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Figure 4. Expression profile of NtSNAT candidates in different tobacco organs based on qRT-PCR results. Single asterisk (*) indicates significant differences at p ≤ 0.05, and double asterisks (**) indicate extremely significant differences at p ≤ 0.01.

Expression Profiles of NtSNAT and NtSNAT-Like Genes Under Different Stress Conditions

Under various stress conditions, it is evident that the expression of NtSNAT and NtSNAT-like genes was induced to a greater extent when the plants were subjected to abiotic stress, including heat, cold, cadmium, and drought than when they were under no stress (Figure 5). Furthermore, the expression of most of these genes was highly variable. The expression of six NtSNAT genes, NtSNAT1, NtSNAT-like 3, NtSNAT-like 5, NtSNAT-like 6, NtSNAT-like 10, and NtSNAT-like 11, dramatically increased in response to high-temperature conditions. Under cadmium stress, the expression of the NtSNAT1, NtSNAT-like 3, NtSNAT-like 10, NtSNAT-like 11, and NtSNAT-like 12 genes strongly increased. When the plants were under drought stress, the expression of only three genes, NtSNAT-like 3, NtSNAT-like 8, and NtSNAT-like 9, was significantly upregulated, whereas the NtSNAT-like 7, NtSNAT-like 8, NtSNAT-like 10, NtSNAT-like 11, and NtSNAT-like 12 genes responded strongly to cold stress. Furthermore, the expression of three of these genes (NtSNAT2, NtSNAT-like 4, and NtSNAT-like 9) did not significantly increase under all the tested stresses.

FIGURE 5
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Figure 5. Hierarchical cluster display of expression profiles of NtSNAT and NtSNAT-like genes in tobacco leaves in response to drought, heat, cold, and cadmium (Cd) treatments. The blocks with colors indicate low (green) or high (red) transcript accumulation.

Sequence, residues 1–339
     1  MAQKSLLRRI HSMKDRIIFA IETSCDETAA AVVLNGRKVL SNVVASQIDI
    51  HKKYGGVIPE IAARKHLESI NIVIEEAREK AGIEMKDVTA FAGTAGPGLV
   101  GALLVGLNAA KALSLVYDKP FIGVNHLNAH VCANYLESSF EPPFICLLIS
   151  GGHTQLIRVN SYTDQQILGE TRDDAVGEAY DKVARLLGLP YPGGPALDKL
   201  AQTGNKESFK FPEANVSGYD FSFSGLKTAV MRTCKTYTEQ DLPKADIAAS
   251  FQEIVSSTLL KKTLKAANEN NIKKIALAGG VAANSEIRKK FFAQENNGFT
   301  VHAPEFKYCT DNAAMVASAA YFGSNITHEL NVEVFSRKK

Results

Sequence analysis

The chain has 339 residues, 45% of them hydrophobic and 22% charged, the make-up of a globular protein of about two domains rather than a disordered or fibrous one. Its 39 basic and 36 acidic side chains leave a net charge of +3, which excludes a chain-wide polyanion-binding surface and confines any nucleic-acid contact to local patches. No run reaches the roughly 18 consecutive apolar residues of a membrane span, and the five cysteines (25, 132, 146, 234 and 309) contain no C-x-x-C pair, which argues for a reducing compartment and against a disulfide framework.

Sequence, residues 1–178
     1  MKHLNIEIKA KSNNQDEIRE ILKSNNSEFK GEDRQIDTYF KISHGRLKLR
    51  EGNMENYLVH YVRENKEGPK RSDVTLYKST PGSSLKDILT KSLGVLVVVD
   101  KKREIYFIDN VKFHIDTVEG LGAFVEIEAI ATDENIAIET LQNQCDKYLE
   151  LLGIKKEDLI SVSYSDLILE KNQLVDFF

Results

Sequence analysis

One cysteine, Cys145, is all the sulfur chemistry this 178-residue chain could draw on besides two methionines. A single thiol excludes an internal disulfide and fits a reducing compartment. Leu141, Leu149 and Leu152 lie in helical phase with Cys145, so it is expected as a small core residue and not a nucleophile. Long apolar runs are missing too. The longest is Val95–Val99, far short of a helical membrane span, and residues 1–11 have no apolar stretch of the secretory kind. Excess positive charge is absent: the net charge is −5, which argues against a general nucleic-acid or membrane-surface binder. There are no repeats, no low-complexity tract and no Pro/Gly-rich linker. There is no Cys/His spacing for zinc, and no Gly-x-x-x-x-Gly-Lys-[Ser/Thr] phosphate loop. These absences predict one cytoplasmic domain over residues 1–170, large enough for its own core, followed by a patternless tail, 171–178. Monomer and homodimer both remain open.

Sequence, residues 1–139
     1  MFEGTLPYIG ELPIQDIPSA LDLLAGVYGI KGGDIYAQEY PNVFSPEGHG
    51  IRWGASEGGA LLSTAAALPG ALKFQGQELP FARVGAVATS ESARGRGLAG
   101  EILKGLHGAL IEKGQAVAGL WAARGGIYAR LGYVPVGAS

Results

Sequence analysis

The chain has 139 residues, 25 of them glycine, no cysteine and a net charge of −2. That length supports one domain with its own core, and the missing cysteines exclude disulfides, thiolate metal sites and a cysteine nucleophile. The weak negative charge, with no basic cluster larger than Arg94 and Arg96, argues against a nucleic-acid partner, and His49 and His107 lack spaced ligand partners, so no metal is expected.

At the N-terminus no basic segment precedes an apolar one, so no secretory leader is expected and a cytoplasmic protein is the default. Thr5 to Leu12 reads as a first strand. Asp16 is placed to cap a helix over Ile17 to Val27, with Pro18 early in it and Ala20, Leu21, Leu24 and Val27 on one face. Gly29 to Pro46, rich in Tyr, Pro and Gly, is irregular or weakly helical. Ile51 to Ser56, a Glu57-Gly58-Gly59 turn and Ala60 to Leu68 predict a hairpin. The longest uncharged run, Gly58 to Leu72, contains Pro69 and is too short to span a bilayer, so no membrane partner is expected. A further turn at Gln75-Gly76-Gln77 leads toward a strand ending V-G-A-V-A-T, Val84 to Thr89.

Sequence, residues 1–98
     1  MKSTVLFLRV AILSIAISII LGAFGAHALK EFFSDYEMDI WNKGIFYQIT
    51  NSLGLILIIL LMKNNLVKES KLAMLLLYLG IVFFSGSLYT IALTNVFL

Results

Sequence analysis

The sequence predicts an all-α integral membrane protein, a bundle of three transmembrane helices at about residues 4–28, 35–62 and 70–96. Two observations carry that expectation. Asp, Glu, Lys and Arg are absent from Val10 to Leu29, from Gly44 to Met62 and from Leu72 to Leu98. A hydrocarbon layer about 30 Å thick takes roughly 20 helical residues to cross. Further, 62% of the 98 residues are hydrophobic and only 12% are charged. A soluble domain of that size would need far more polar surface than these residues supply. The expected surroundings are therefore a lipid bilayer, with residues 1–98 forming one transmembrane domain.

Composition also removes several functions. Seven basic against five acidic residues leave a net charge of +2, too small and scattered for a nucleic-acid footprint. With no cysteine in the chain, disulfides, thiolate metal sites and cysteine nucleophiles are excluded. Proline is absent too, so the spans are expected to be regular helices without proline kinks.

Discussion

The SNAT family belongs to the GNAT superfamily, and the members of the SNAT family play a critical role in regulating the accumulation of melatonin (Dyda et al., 2000; Lee et al., 2015). SNAT genes have been identified in various plant species (Byeon et al., 2016b; Yu et al., 2019). Twelve candidate SNAT genes in tobacco were recognized. When aligned with the defined OsSNAT1 amino acid sequence (Kang et al., 2013), NtSNAT1 and NtSNAT2 were highly homologous to OsSNAT1 (62.95 and 71.36%, respectively), while several other NtSNAT genes were found to have low homology with OsSNAT1. Hence, we preliminarily determined that NtSNAT1 and NtSNAT2 might be tobacco SNATs. Additionally, among the 12 candidate NtSNAT genes, only NtSNAT1 and NtSNAT2 have five conserved motifs, which is consistent with the findings of typical SNATs. Moreover, NtSNAT1 and NtSNAT2 clustered together with the classic SNATs, while the rest of the NtSNATs clustered separately from the identified SNATs. Therefore, these findings further confirmed our speculation.